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Home > Patient & Family Resources > Health Library > Optic Neuritis
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Optic neuritis is inflammation of the optic nerve, which lies at the back of the eye. This nerve carries visual information from the eye to the brain. If it's inflamed, you may have blurred or double vision or even loss of vision.
Your doctor may not know what caused this problem with your eye. In some cases, a virus infects the optic nerve. Sometimes the body's defenses (immune system) mistakenly attack the body's own cells, such as the nerves.
Many people with multiple sclerosis (MS), an immune system disease, have optic neuritis at some point. It can be the first symptom of MS.
Optic neuritis may cause partial or total loss of vision, usually in one eye. You may have pain when you move your eye.
When vision loss is partial, you may have:
Symptoms usually get worse over a period of a few hours or a few days. Then they may not change for several weeks or months.
Your doctor can find out if you have optic neuritis by doing a physical exam, including an eye exam. The doctor will also ask questions about your symptoms and past health. He or she may use eyedrops to dilate your eyes during the exam.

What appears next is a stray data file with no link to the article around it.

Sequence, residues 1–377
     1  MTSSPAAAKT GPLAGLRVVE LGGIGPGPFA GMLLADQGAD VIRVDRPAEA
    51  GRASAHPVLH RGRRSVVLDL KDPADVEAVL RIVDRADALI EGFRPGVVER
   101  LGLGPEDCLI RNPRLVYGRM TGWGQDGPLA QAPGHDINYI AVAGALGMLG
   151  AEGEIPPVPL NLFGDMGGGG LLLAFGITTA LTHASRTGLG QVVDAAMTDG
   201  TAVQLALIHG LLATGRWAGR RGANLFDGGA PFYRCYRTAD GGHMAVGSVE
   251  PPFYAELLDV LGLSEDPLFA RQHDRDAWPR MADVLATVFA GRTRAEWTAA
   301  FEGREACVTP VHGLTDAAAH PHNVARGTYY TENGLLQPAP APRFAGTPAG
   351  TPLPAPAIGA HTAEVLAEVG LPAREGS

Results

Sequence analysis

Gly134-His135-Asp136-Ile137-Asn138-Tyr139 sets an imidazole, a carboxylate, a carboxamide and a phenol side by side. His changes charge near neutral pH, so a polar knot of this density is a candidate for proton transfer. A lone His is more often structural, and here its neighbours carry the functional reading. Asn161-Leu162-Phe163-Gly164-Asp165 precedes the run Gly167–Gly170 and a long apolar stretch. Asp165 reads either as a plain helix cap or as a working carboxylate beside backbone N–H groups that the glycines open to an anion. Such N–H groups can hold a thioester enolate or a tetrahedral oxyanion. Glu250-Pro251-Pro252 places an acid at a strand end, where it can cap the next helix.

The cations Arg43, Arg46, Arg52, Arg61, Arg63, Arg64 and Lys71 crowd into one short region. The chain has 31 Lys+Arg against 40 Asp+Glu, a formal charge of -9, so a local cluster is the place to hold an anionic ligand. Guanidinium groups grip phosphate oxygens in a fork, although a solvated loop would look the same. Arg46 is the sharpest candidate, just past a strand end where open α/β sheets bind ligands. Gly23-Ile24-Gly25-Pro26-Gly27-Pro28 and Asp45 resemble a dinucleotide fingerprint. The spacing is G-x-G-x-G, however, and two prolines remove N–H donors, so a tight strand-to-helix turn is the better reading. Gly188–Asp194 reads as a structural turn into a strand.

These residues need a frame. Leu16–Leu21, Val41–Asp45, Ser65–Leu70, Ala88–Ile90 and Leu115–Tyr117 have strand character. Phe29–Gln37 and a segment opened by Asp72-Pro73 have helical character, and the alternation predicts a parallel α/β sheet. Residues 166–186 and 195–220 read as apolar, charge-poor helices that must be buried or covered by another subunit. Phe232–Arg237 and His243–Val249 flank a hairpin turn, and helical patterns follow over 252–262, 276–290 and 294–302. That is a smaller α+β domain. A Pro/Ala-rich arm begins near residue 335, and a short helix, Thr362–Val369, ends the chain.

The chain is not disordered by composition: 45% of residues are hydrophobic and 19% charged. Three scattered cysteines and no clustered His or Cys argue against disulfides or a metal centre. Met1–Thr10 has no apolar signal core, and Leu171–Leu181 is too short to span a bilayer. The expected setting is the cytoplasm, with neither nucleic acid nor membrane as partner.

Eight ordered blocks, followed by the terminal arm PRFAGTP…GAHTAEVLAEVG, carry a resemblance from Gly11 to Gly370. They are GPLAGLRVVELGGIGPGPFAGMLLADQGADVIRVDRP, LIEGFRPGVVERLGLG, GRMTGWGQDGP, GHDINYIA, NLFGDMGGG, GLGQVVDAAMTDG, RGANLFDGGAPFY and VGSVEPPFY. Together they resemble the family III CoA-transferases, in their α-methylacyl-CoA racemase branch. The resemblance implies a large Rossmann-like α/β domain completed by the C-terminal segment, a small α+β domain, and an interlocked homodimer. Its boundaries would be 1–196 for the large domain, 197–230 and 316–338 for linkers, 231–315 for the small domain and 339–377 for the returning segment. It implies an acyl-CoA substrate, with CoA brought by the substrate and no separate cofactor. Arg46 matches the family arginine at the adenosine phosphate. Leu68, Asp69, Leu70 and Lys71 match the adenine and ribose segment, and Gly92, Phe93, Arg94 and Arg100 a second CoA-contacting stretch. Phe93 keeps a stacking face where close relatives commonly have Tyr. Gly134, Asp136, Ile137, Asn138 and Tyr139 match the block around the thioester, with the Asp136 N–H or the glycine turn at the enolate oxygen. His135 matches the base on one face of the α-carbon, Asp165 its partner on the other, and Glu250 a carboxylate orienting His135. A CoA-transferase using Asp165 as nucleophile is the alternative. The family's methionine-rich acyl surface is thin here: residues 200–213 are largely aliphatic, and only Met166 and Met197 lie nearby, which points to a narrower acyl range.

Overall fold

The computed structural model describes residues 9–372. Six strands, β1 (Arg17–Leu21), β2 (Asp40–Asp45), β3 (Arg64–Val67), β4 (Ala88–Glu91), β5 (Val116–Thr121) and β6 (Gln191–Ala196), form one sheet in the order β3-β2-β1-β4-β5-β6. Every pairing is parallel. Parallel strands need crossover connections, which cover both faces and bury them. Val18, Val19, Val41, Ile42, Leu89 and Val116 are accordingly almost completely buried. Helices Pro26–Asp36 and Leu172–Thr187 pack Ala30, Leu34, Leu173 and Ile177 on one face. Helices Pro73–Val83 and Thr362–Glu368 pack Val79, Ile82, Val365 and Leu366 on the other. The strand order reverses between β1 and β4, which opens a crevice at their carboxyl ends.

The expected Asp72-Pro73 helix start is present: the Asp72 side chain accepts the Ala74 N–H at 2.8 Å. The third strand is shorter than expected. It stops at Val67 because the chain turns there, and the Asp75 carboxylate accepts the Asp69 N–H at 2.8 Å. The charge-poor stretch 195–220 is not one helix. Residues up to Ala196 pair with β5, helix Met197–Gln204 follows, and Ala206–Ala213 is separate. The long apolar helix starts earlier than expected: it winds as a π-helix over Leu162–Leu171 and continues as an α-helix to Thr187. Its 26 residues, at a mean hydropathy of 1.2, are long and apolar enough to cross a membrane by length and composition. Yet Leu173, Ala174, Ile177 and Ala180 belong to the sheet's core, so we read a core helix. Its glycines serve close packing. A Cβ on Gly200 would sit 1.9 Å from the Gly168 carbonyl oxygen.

Imaging tests such as an MRI may help the doctor see the optic nerve and the brain. This can help the doctor find the cause of the condition.
Because optic neuritis often improves on its own, your doctor may just want to wait and watch your symptoms. Or you may get medicine to reduce the swelling of your optic nerve. If you have a condition like multiple sclerosis, your doctor may suggest treatment for that. In any case, your doctor will carefully keep track of your condition.
Current as of:
April 29, 2021
Author: Healthwise StaffMedical Review: Adam Husney MD - Family MedicineChristopher J. Rudnisky MD, MPH, FRCSC - Ophthalmology
Current as of: April 29, 2021
Author: Healthwise Staff
Medical Review:Adam Husney MD - Family Medicine & Christopher J. Rudnisky MD, MPH, FRCSC - Ophthalmology
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